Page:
By Mackenzie Hurlbert
Many economists, wholesalers, and business owners are wondering if the recent financial instability in Asia has affected the import and export of goods in and out of the US. Will the instability in this giant global producer of historically inexpensive wholesale goods have an impact on the US import market?
Determining what is next for these Asian countries and their trade partners, like the US, is a murky topic to discuss, but many have made predictions on potential effects.
The cause for the economic slump in Asia is a combination of many different factors. In 2001, China was finally approved to join the World Trade Organization after many years of conflict with the other nations in the organization. Joining the WTO created incredible opportunity for China and its exports. Between 2001 and 2011, China’s manufacturing value grew over 300 percent and its merchandise trade more than quadrupled. Eventually this huge expansion in the economy began to slow between 2010 and 2014, and the growth rate of China’s exports also began to fall. China’s government attempted to counteract this slump by cutting interest rates in mid-2014, which caused many businesses to borrow money and expand. Excited by the growth, many personal investors put their life savings into the stock market or took out loans to invest in the growing economy. While many people made money, the investing increased the amount of money into Chinese stocks despite weak economic growth and company profits.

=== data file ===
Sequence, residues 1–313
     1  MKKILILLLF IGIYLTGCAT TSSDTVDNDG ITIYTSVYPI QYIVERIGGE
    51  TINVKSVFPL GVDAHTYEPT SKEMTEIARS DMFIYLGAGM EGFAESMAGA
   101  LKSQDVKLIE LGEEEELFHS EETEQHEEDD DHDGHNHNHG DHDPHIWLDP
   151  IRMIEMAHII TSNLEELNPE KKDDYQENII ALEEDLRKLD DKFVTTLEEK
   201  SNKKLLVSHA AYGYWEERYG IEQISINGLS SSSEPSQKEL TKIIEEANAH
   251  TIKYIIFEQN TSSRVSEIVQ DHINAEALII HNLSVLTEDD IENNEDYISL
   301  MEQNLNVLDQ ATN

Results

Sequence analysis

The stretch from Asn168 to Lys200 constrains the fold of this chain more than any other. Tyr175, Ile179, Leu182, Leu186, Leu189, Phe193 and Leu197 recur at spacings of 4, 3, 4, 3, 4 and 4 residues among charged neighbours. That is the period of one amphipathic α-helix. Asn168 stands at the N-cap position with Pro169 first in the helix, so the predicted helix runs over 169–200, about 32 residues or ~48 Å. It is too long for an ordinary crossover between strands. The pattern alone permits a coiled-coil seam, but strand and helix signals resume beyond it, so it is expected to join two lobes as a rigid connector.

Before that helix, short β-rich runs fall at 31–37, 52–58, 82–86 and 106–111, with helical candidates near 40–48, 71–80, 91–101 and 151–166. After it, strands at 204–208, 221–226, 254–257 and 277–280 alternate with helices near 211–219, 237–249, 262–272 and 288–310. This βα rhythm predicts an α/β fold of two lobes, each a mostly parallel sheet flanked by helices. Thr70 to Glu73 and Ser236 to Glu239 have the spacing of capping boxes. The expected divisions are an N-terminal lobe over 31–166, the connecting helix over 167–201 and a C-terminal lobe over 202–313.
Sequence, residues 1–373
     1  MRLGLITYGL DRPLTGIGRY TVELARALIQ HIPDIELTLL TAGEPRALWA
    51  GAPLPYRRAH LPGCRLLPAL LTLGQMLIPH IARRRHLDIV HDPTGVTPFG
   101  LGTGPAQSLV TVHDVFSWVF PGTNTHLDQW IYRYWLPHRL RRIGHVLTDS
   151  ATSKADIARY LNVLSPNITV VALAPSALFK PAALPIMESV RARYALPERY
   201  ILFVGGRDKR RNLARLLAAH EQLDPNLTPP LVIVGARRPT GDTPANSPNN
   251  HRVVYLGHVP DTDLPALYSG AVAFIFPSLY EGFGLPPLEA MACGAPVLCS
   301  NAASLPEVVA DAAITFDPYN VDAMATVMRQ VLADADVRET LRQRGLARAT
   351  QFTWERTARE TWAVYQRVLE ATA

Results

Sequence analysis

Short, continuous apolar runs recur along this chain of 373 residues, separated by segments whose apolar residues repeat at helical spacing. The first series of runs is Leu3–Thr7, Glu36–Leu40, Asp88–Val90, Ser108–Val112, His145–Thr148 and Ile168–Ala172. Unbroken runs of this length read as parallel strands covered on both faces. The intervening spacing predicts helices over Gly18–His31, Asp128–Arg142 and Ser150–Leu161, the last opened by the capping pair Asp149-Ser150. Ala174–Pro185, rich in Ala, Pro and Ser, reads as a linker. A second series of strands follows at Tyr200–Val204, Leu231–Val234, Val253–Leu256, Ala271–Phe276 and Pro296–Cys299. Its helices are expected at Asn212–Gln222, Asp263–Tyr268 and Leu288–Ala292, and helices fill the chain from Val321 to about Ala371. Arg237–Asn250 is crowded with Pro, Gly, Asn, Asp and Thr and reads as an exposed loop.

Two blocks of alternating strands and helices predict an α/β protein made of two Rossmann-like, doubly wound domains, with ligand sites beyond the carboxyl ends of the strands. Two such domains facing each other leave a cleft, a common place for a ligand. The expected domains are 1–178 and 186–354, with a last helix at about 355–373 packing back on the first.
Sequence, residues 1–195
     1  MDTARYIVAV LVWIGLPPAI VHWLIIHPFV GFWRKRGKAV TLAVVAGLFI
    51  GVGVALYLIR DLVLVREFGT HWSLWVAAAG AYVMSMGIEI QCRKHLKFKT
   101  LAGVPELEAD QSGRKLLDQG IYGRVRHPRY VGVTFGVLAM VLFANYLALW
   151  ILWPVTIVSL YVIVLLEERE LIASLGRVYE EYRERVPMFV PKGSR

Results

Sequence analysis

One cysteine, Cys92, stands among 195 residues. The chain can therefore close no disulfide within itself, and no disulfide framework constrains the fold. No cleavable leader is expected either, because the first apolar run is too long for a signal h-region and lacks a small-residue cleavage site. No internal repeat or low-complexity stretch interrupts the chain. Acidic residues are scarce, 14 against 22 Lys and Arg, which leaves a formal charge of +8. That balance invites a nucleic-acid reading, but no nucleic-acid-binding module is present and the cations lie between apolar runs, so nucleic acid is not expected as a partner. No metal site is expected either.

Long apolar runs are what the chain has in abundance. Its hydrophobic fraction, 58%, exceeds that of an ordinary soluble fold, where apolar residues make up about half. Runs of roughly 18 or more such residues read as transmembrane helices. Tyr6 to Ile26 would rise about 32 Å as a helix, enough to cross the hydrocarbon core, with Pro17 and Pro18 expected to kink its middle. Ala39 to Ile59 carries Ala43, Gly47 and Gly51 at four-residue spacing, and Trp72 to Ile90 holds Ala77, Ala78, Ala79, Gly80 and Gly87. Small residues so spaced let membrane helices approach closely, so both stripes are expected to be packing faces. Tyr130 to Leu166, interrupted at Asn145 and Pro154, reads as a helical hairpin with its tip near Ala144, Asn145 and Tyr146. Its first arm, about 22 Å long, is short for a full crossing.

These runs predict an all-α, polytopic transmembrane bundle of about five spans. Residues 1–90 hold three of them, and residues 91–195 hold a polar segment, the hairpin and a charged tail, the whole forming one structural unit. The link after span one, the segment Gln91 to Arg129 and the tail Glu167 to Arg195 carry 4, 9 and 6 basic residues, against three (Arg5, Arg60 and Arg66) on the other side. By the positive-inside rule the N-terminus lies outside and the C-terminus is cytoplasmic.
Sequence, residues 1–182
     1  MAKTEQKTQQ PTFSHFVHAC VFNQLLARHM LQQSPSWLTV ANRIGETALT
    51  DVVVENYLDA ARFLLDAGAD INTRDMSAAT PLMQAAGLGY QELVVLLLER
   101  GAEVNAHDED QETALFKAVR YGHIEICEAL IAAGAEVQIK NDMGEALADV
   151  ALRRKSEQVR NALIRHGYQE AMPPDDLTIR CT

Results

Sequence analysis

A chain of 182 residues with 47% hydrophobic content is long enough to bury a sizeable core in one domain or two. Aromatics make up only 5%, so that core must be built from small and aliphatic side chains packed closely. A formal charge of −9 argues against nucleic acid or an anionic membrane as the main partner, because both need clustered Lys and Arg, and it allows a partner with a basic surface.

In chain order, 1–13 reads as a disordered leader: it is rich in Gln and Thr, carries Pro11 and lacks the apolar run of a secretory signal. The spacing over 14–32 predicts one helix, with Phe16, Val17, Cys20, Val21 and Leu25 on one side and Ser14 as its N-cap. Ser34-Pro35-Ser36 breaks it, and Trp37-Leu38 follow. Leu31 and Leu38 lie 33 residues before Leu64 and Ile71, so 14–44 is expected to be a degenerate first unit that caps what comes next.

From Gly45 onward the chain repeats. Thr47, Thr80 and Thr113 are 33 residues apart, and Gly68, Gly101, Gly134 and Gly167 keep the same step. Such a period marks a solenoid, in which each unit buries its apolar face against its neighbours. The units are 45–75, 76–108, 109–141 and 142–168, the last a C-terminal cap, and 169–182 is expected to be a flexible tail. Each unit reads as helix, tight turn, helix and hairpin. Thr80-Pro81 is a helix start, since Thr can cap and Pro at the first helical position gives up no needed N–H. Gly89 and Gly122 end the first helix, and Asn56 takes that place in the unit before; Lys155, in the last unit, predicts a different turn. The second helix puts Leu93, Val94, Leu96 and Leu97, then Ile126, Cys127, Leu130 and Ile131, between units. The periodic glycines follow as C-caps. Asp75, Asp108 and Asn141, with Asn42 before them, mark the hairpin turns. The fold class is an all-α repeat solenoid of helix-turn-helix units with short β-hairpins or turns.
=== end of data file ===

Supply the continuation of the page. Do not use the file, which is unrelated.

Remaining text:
With the quick increase in funds, the stock market bubbled and then began its collapse in June 2015. While the Chinese government has worked quickly to try and control the crisis, the stock market continues to fall and economists are already seeing a ripple effect, especially concerning the prices of gold and copper. In an attempt to control the collapse, the Chinese government has frozen hundreds of individual company stocks and suspended all new initial public offerings on their stock exchange.
Many economists now expect severe ripple effects to this huge stock devaluation, especially considering China’s economy is the world’s second largest, and it is the second biggest trading partner to the US and Europe, according to CNN Money. With the US alone, China’s exports and imports value to a little under 600 billion US dollars. As the value of Chinese companies fall and they are unable to raise capital for purchasing new raw materials, the likely impact to future production is a grim picture.
While exporting goods and collecting growth rates has worked for many countries in the past, buying patterns have changed and the recent economic collapse will be harder to surmount. This is partially due to the US consumer’s newfound frugality, but a large cause is the decrease in material goods imported into the US. Yes, imports from Asian countries did increase in 2015, but the growth is credited to software development and shale oil drilling, not manufactured goods, according to Reuters.